PROTEIN TYROSINE NITRATION UNDER PHYSIOLOGICAL CONDITIONS IN CELLULAR AND ANIMAL MODELS

E.M. Maffioli
2013

Abstract

The significance of NO2Tyr in vivo is highlighted by observations that nitrated proteins are markedly elevated in a broad range of human diseases and clinical disorders. The presence of nitrated tyrosine residues was detected in human fluids and pathological tissues such as atherosclerotic plaques of coronary vessels, amyotrophic lateral sclerosis, and Alzheimer’s lesions, among many others. Although the accumulation of nitrated proteins correlates well with many disease states and is considered a marker of oxidative stress under pathological conditions, substantial evidence has accrued that protein tyrosine nitration is a post-translational modification playing a role in physiological processes, including signal transduction, neuronal differentiation, and embryonic development. On this regard, the aim of the research presented in this PhD thesis is to better understand the significance of protein nitration under normal physiological conditions focusing on differentiation and developmental processes. The PhD thesis is divided in four parts. The first introductory part is dedicated to presenting the biological functions of nitric oxide and its cellular effects in biological system. Particular attention has been devoted to protein tyrosine nitration and its pathological and physiological significance. Two different experimental models (cells and organism) have been used to investigate this issue: (a) a cellular model (PC12 cells) to discuss the effects of micro- and nanoscale topography on neuronal proliferation and differentiation and (b) an animal model (Ciona intestinalis) for studying the role of oxidative stress and NO-derived reactive nitrogen species (RNS) during Ciona development and metamorphosis-related events. In particular, as far as the first model is concerned, my studies were directed to the characterization of PC12 cells behavior on nanostructured TiO2 films in the presence and in the absence of the classical inducer of differentiation NGF. In the second part of the thesis I present the experimental procedures used. Proteomics techniques, including mono- and two-dimensional electrophoresis, electroblotting and immunostaining, and mass spectrometry (MALDI-TOF and LTQ-Orbitrap Velos) have been used to study both experimental models. In the third part the results obtained are reported. Our findings suggest that tyrosine nitration is a physiological event not necessary related to pathological processes and that this NO-mediated post-translational modification of proteins may be regarded as a direct way to NO-signaling transduction. Finally, in the last part I resume the main conclusions and present future perspectives.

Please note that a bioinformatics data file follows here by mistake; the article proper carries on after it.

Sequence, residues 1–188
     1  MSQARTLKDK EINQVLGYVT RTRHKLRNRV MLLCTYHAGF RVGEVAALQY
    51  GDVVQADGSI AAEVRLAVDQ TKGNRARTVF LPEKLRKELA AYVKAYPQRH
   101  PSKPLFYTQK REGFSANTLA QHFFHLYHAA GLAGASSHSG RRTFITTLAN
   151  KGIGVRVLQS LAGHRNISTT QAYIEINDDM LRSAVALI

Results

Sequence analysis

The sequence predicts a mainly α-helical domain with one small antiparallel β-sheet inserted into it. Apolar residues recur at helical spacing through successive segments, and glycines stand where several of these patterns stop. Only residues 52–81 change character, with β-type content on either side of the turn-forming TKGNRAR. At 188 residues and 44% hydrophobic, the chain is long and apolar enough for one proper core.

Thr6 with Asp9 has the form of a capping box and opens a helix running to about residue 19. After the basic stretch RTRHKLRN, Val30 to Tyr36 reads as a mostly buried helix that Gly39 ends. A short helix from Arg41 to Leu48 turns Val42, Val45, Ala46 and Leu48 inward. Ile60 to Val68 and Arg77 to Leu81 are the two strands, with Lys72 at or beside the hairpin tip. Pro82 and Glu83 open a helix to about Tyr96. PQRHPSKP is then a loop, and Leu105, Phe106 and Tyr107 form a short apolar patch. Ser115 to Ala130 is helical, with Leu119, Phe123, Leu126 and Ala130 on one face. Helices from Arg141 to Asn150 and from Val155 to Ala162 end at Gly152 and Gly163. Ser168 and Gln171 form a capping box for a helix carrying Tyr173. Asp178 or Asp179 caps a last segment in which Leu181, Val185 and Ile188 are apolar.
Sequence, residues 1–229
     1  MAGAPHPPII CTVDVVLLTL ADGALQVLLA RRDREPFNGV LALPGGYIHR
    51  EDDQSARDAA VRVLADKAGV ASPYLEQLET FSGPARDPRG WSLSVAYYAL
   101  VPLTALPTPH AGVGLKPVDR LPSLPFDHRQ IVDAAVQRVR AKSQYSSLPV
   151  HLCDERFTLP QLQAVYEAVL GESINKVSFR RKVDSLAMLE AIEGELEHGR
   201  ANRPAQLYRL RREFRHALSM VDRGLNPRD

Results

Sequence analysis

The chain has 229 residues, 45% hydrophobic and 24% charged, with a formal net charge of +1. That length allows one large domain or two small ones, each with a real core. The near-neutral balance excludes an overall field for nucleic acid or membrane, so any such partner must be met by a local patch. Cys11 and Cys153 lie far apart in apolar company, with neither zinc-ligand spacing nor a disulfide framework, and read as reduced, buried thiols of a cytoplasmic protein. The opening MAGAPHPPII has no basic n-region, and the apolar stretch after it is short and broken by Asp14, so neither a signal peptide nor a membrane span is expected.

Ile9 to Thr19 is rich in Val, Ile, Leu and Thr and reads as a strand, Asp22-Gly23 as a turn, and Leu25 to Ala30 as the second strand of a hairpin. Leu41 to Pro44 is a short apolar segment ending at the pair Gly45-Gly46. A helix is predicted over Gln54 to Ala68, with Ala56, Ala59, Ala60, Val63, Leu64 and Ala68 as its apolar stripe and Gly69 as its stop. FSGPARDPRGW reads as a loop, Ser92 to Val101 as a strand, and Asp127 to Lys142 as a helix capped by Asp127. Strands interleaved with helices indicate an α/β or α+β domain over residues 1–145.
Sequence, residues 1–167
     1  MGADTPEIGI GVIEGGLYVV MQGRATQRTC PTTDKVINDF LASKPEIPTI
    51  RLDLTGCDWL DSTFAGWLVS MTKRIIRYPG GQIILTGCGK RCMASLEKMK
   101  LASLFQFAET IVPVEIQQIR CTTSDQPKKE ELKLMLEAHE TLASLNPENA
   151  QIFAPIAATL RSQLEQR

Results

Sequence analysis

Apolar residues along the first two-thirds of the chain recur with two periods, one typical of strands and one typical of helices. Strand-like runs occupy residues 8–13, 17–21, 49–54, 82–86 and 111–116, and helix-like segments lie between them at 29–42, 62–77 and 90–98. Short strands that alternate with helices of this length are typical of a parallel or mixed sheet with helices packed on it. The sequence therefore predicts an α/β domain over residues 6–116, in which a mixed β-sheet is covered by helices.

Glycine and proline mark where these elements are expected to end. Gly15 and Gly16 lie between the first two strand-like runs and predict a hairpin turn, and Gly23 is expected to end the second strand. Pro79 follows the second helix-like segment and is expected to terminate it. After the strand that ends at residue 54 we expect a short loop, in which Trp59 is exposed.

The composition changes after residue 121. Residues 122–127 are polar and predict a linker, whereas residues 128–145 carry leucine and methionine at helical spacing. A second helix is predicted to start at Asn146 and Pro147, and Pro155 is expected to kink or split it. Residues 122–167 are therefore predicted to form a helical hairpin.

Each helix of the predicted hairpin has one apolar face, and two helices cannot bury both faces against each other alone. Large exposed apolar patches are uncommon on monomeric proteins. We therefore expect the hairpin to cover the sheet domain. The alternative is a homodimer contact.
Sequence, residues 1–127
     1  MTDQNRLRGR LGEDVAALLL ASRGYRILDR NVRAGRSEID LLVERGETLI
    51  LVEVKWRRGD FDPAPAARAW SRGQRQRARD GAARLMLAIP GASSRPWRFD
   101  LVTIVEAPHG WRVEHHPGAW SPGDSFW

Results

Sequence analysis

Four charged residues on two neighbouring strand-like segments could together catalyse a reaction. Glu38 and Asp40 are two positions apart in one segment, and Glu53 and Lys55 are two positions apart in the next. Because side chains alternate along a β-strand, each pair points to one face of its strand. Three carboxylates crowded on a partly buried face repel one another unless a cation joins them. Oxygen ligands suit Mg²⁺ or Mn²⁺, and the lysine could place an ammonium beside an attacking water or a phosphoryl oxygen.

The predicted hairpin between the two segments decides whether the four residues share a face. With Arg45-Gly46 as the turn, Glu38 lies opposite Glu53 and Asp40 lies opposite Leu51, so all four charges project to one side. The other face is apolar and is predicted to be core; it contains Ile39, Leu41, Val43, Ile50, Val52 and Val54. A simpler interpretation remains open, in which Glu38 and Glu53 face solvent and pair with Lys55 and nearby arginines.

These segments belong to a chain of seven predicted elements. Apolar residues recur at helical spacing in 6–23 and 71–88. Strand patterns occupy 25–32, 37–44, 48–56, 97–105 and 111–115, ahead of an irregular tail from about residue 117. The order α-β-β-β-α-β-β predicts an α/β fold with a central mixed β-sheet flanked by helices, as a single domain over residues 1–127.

19-feb-2013
Settore BIO/10 - Biochimica
TEDESCHI, GABRIELLA
BONOMI, FRANCESCO
Doctoral Thesis
PROTEIN TYROSINE NITRATION UNDER PHYSIOLOGICAL CONDITIONS IN CELLULAR AND ANIMAL MODELS / E.m. Maffioli ; tutor: G. Tedeschi ; coordinatore: F. Bonomi. UNIVERSITA' DEGLI STUDI DI MILANO, 2013 Feb 19. 25. ciclo, Anno Accademico 2012. [10.13130/maffioli-elisa-margherita_phd2013-02-19].
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Utilizza questo identificativo per citare o creare un link a questo documento: https://hdl.handle.net/2434/217446